Meet the Expert Panel David B. Miller President of Metro Transportation Group, Inc. Specializes in traffic engineering, transportation planning and signal system design. Over 36 years experience in traffic engineering and transportation planning. Has directed and managed over 2000 traffic impact studies for commercial, office, industrial, residential and recreational facilities throughout the U.S. and overseas.
Meet the Expert Panel Charles J. Nemmers, P.E. Since 1999, Director of the Transportation Infrastructure Center at the University of Missouri- Columbia. Moved to the University following a 32-year career with the Federal Highway Administration. At FHWA he served as Division Administrator in the states of Delaware, Georgia and New Jersey. In 1993 was named Director, FHWA Office of Engineering R&D.
Meet the Expert Panel Linda Wheeler Currently a transportation consultant, providing analysis of transportation issues, particularly funding. Retired from the Illinois Department of Transportation in 2003 after a 28 year career at the agency. Since 1991, responsible for IDOT's capital planning and programming, including five-year and annual capital programs for highways, transit, air and rail. Prior to 1991, held a variety of IDOT positions, including heading the Congressional affairs bureau and the public transit division.
Time is the enemy: Without a decision to move forward, the probability of success diminishes and will at some juncture pass the point of no return. Project costs escalate over time, making the funding challenge ever and ever greater. The large and highly visible Federal earmarks for the project are at risk the longer the region waits and as the atmosphere in Congress evolves.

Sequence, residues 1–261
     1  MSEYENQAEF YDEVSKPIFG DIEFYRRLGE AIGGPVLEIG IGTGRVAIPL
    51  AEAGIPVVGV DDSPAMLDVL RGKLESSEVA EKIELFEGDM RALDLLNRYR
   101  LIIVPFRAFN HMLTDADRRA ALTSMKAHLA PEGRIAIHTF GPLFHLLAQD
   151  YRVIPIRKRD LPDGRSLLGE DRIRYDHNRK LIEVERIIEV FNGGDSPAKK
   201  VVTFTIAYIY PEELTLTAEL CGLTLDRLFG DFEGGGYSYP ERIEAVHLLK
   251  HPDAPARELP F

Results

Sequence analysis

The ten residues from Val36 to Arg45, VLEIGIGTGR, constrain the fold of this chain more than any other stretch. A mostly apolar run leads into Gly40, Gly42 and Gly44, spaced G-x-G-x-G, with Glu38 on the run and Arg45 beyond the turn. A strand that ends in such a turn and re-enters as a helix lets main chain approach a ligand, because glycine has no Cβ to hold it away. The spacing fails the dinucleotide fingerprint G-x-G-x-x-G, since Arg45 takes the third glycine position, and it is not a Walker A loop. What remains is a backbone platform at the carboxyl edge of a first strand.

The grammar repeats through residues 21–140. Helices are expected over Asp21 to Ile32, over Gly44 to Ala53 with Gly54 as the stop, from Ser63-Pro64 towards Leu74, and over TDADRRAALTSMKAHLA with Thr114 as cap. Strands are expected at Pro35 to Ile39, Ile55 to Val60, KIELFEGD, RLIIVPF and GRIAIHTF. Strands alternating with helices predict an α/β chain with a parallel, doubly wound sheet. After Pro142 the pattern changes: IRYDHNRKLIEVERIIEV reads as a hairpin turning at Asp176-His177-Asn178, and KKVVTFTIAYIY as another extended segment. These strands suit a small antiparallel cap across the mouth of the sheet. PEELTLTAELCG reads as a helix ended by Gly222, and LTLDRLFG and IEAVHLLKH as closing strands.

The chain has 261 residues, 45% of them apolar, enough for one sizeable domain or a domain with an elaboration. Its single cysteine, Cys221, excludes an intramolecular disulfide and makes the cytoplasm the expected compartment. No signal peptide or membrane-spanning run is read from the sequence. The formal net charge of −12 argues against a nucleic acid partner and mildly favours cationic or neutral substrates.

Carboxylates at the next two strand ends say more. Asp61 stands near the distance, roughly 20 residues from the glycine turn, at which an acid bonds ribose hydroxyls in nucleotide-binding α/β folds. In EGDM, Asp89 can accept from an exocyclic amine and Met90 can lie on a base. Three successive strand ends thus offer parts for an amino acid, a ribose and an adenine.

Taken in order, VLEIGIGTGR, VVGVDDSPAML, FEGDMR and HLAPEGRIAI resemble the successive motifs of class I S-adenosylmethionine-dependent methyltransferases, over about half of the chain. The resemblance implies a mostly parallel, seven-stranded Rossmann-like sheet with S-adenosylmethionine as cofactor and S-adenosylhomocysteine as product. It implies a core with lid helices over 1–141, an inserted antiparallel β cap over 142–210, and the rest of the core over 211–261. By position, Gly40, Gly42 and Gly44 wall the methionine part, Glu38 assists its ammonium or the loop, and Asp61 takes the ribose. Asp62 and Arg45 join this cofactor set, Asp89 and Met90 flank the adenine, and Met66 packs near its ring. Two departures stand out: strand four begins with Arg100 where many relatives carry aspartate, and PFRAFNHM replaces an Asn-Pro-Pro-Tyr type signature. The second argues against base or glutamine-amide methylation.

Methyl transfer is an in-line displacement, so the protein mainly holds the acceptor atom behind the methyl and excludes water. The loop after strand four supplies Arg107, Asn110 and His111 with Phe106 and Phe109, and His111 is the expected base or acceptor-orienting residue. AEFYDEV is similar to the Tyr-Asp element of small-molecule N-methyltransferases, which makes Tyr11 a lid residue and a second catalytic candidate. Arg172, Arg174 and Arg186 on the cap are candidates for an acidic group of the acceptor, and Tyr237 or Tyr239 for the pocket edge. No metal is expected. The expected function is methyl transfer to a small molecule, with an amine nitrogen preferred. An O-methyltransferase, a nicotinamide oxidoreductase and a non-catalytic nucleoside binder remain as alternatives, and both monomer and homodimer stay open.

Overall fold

Introductory Thoughts The perfect should not drive out the good: The best project in the world that is not financially feasible equates to no project at all. The goal should be to find the affordable option that goes the furthest in resolving congestion and safety challenges in the corridor.
Introductory Thoughts There is no simple or right answer: Different interests have expressed strong preferences for different project options and different funding plans. There is no option that will satisfy everyone.
Bridges across the Mississippi River near downtown St. Louis are a significant and persistent traffic bottleneck and safety problem. More river crossing capacity is critical when there is disruption for construction or traffic incidents.
Background Observations [contd.] This is a challenge of national and regional significance. Four Interstate highways converge in St. Louis. National security and other interests are threatened by the lack of redundancy.
Key Finding #1 The Martin Luther King (MLK) Bridge Coupler proposal appears to have merit. Less costly yet yields significant congestion relief and safety benefits. May meet river crossing needs, especially if connections to the Poplar Street Bridge are optimized. There are complications: Costs and benefits need refinement. A new EIS is required (more time, more money). A smaller but non-zero funding gap remains.